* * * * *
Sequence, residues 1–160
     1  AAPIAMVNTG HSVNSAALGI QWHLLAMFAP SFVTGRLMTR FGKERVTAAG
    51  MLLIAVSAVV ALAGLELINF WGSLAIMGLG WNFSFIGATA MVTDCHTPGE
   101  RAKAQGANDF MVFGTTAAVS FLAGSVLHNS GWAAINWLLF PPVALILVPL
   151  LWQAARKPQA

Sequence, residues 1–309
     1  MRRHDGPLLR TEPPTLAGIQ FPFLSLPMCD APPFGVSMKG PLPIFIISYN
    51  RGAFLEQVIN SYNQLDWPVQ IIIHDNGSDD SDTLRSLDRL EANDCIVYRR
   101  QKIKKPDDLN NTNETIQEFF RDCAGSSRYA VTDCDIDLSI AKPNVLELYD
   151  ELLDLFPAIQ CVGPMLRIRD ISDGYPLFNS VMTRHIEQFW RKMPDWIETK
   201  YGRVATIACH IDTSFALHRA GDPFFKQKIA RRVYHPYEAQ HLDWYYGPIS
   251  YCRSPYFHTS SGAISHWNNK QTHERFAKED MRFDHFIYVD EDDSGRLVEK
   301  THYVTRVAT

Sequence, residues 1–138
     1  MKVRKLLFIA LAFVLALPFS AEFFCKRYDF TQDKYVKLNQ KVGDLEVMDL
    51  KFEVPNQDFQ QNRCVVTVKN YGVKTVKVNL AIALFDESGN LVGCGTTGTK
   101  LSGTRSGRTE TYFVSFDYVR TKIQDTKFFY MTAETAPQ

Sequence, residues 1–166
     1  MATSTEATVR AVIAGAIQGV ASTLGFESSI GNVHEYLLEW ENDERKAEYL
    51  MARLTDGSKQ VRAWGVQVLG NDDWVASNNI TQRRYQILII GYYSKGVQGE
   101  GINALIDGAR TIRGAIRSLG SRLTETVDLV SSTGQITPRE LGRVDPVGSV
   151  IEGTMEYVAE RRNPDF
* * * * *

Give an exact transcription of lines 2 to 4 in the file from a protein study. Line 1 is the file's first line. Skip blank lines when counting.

     1  AAPIAMVNTG HSVNSAALGI QWHLLAMFAP SFVTGRLMTR FGKERVTAAG
    51  MLLIAVSAVV ALAGLELINF WGSLAIMGLG WNFSFIGATA MVTDCHTPGE
   101  RAKAQGANDF MVFGTTAAVS FLAGSVLHNS GWAAINWLLF PPVALILVPL